I pay the bill, and I run home. I climb the stairs. I sigh. I think of Mahmoud Darwish. How did he say what he said? “Beirut is our tent”? How, Mahmoud, does love survive in cities that fall apart every day, and die before your very eyes? How do I tell my memory to get up, and fight back, tomorrow will be better. Beirut, a can of sardines, and a home with no water, no electricity, no medicine, and no fuel.

The coffee is delicious. I drink it quickly, and I tell the waiter my story with my round and swollen belly. I am expecting a little daughter. The young man, in turn, says, “There is no formula milk for babies, you will have to breastfeed.”

I always go back to the first moment the heart discovers the city it belongs to. I do not remember a single moment that we did not know any ups and downs, fears, and anxieties in. Beirut suffers from the disease of instability. It’s moody, hot-headed, afraid, and full of love. The day it all exploded on our heads on the 4th of August, I sat for a long time on the sofa. I picked up the tweezers, and plucked my eyebrows, the hair on my legs, and the ones on my arms. Time passed, and I became more afraid. I wanted to leave, but when I imagined myself outside the city, I would choke in pain. I want it so badly, but it doesn’t even want itself. Friends try to explain revolutions at length, how they arose and came to be, and I do not understand. Beirut does not bear revolutions for too long, they stay only for a while until they are aborted. It doesn’t completely die, and it doesn’t live long either. Beirut is in a coma. Missing on life in its coma. What is the value of life, while you are in a comatose city? Then, we are all asleep. We are neither dead, nor are we alive. Oh, Beirut.

Following the assassination, many political, cultural, and intellectual faces were eliminated. The tragedy was the loss of all those lives, and their assassination, without knowing who was behind it all. The reasoning and statements ranged from settling scores between international interests, a Syrian occupation, an Israeli occupation, an American, an Iranian, and a Russian occupation. We cannot talk about this era as the first ever divide in Beirut. It had suffered from division during the civil war, and then the Ta’if agreement (officially the National Reconciliation Accord) came to confirm the sectarian division, by dividing the state of law into sectarian seats.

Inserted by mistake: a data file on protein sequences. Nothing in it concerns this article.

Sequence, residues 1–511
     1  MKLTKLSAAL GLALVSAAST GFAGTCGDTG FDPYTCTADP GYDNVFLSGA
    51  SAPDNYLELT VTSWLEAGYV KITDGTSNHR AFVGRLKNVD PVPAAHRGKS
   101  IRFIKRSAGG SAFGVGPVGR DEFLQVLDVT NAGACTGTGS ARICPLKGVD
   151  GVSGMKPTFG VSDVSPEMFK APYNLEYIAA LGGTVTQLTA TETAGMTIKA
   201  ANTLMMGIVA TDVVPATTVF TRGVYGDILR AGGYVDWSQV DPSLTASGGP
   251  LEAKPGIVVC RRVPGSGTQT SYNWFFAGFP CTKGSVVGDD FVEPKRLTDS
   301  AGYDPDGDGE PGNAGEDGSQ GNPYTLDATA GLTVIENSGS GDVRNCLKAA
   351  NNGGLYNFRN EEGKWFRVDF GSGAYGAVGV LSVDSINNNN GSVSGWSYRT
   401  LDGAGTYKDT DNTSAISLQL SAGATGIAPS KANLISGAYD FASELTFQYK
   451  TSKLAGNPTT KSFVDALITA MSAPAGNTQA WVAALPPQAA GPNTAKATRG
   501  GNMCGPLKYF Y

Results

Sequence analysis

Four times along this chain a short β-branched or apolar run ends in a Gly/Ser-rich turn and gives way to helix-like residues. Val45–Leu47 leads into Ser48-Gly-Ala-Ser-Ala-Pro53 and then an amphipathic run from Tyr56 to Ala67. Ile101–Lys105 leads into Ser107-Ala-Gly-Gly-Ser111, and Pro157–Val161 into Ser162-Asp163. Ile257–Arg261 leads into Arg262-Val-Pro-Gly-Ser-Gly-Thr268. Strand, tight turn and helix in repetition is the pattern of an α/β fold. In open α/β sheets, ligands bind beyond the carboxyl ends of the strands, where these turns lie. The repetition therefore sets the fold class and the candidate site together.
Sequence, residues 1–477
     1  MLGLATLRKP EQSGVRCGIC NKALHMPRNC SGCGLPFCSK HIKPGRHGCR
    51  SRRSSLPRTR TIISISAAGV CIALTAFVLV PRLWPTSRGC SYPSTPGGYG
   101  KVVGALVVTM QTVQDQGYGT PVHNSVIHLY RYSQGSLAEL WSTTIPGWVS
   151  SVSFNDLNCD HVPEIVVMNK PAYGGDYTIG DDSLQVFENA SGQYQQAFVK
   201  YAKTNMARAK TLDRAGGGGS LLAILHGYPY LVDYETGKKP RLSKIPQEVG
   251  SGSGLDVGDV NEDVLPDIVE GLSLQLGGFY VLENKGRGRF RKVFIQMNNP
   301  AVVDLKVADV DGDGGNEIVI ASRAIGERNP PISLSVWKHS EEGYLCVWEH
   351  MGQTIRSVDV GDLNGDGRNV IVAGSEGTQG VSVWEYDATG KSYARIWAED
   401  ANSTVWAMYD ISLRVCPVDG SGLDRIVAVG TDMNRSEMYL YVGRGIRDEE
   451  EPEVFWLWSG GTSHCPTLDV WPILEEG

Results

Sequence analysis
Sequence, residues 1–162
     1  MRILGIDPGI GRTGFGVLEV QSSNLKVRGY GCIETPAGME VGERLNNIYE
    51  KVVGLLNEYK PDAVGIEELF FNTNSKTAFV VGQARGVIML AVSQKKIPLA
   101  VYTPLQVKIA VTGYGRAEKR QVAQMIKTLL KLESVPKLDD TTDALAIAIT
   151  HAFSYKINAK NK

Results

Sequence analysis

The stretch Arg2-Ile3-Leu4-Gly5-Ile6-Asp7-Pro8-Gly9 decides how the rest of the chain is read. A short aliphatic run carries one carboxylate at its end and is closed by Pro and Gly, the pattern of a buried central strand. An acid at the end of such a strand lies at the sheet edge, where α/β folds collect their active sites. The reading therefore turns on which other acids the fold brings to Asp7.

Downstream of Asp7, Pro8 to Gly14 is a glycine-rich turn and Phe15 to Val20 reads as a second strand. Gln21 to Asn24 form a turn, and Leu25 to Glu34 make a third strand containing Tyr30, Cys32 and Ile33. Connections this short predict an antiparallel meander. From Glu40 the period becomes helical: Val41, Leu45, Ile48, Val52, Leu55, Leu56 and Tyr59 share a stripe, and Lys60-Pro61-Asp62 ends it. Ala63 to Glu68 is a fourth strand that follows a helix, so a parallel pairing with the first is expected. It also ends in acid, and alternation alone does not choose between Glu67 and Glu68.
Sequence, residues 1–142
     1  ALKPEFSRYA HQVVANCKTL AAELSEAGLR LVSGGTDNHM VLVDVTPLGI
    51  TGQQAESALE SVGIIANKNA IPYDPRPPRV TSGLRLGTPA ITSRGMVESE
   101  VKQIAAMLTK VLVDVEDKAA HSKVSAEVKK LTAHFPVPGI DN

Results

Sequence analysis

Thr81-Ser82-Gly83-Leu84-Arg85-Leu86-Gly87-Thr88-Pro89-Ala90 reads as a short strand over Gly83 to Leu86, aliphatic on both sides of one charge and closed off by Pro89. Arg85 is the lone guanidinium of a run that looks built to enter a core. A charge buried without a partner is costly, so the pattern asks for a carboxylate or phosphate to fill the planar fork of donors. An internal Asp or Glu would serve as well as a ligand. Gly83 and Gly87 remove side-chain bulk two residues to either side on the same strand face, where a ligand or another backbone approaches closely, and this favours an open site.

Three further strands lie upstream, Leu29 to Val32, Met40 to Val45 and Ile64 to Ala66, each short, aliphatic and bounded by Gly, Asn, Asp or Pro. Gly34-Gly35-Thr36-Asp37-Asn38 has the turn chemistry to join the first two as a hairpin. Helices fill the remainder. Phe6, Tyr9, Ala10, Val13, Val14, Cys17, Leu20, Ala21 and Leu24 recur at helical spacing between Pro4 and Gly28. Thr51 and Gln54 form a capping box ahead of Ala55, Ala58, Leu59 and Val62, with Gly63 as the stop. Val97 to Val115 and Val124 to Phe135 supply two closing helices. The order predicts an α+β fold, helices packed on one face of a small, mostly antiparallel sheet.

The equation in Beirut began to grow and amplify; from the economic collapse, to political infighting, corruption, and the constant interference from international and regional axes within internal decisions. Beirut has reached a point that is considered the worst in its history. The Lebanese people in their entirety have been robbed, through the control of the citizens’ savings and deposits, and their seizure. And the fall of the Lebanese pound has made us pay the price of stabilizing the currency since the civil war, up to this day. And finally, the Beirut port explosion. Here, everything fell. Now, expectations have become open to scenarios of darkness, danger, and insecurity. Unfortunately, today this country is under an internal and external siege. The matter has exceeded having patience and fortitude. It has become a daily threat to our lives, us as human beings. With Hariri excusing himself from the formation of the government, I personally decided to laugh for a long time. The matter at hand, gentlemen, is so complex and so incomprehensible that it makes us all laugh. I am suffering from the disease of laughter due to the many calamities in our country, and as the saying goes, “the worst of calamities is the one that makes you laugh”.


*The views and opinions expressed in this article are those of the author’s and do not necessarily reflect the official policy or position of Raseef22

Show the comments
Website by WhiteBeard